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Stone of Tears (The Sword of Truth #2) [Kindle Edition]

Terry Goodkind
4.1 out of 5 stars  See all reviews (849 customer reviews)

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Book Description

With Darken Rahl defeated, Richard and Kahlan head back to the Mud People to be married. As they wait for their wedding day to approach, they discover three Sisters of Light are pursuing Richard, intending to take him back to the Old World to be trained as a Wizard. Additionally, unbeknownst to Richard and Kahlan, the veil has been torn and the Stone of Tears has entered the world. According to prophecy, the only person who has a chance at closing the veil is the one bonded to the blade, the one born true.

Editorial Reviews

From Publishers Weekly

This satisfying sequel to Goodkind's powerful debut novel, Wizard's First Rule, has everything one could ask for in an epic fantasy. In the earlier book, Seeker of Truth Richard Cypher tricked the sorcerer Darken Rahl by using Wizard's First Rule (that people are stupid and can be easily misled) into opening the wrong Box of Orden. Though this saved humanity from the evil mage's tyrannies, it also tore the veil between worlds, so the diabolical Keeper of the Underworld can now reach through and seize permanent control of the living. To stop this from happening, Richard must now learn how to be a wizard. The Sisters of the Light promise they will teach him to wield his powers, but they require that he wear a collar of obedience, something he has sworn he would rather die than do. Events sweep Richard and his betrothed, the Mother Confessor Kahlan Amnell, apart from one another; later, in one of the most vigorous battle sequences written for a heroine in modern fantasy, Kahlan leads her underage troops against battle-hardened soldiers, the young warriors naked except for a spectral coat of whitewash intended to make them look like "spirits." Those who like their fantasy big and brassy will revel in this exemplar of the genre.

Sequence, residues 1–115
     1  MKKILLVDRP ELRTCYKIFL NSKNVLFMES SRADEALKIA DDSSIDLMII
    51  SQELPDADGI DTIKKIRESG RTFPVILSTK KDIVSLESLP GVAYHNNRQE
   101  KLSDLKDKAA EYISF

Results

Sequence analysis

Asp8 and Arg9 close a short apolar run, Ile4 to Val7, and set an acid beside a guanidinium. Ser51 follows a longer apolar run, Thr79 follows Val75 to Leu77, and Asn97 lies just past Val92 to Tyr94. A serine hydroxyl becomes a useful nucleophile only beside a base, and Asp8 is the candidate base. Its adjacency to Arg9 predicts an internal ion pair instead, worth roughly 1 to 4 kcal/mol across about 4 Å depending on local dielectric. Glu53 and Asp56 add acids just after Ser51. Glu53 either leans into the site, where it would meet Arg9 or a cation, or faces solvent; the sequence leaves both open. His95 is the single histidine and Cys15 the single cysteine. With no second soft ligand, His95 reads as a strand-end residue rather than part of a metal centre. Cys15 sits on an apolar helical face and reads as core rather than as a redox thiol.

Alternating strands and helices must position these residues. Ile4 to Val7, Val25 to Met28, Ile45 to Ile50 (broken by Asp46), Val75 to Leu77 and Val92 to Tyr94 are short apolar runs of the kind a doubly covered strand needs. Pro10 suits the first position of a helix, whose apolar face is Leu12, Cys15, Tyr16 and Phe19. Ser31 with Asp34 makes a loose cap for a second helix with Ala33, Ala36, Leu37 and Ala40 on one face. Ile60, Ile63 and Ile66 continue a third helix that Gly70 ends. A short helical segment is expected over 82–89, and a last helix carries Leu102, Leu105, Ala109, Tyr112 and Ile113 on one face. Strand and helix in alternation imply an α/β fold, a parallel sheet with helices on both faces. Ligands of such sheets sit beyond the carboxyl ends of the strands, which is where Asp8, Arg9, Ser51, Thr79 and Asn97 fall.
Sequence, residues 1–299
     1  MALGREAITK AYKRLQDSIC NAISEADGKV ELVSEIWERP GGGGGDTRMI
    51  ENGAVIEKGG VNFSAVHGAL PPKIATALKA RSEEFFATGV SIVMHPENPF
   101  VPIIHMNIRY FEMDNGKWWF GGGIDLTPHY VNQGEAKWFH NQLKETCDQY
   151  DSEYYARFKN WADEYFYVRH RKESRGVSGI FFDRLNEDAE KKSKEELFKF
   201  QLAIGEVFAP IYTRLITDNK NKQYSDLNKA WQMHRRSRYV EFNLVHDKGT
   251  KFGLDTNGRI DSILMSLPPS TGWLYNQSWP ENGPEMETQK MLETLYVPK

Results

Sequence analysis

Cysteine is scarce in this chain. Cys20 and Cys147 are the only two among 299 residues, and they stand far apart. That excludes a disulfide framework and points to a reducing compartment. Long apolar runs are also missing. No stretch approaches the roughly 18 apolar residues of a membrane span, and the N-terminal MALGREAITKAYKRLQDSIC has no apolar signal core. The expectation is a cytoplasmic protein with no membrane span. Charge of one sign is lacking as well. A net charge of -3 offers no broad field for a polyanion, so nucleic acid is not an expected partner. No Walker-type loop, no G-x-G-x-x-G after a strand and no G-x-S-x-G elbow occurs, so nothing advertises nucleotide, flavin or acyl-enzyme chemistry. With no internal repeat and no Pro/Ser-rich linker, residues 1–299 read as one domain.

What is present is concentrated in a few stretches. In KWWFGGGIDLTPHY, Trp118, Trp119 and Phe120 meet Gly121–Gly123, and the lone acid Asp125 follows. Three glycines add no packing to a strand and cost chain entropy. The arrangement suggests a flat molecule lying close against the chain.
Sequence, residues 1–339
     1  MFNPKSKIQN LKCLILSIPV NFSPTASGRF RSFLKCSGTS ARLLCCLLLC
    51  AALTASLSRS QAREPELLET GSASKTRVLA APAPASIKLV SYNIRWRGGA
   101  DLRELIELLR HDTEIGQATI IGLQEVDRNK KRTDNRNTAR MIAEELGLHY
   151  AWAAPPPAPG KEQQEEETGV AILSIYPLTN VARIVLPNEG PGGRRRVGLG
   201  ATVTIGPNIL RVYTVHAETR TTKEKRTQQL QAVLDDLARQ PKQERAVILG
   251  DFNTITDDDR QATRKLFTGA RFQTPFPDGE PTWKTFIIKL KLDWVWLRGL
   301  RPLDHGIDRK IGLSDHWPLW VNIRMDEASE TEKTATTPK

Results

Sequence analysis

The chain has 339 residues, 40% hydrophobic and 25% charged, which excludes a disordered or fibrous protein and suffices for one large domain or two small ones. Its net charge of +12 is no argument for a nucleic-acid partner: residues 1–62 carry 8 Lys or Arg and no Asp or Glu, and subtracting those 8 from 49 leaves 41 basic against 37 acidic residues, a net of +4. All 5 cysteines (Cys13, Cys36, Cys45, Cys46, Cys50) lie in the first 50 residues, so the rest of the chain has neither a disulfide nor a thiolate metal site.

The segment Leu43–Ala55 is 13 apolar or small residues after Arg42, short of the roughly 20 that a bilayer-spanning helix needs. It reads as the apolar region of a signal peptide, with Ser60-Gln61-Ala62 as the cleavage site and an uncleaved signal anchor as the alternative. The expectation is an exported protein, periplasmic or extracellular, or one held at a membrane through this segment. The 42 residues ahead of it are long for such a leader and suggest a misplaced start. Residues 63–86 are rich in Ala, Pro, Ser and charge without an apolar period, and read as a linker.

Copyright 1995 Reed Business Information, Inc.

From Library Journal

After the death of Sorcerer Darken Rahl, Richard Cypher?a woods guide turned reluctant hero?finds that his responsibilities have only just begun. He seeks a teacher to help him control his magical gift but is caught in a difficult struggle to retain control over his destiny. Goodkind's talents for world building and characterization are again featured in this sequel to Wizard's First Rule (LJ 9/15/94). He explores not only the deeds but the innermost thoughts of his heroes and villains. Graphic depictions of sex and violence, though integral to the story, limit this powerful saga to mature audiences.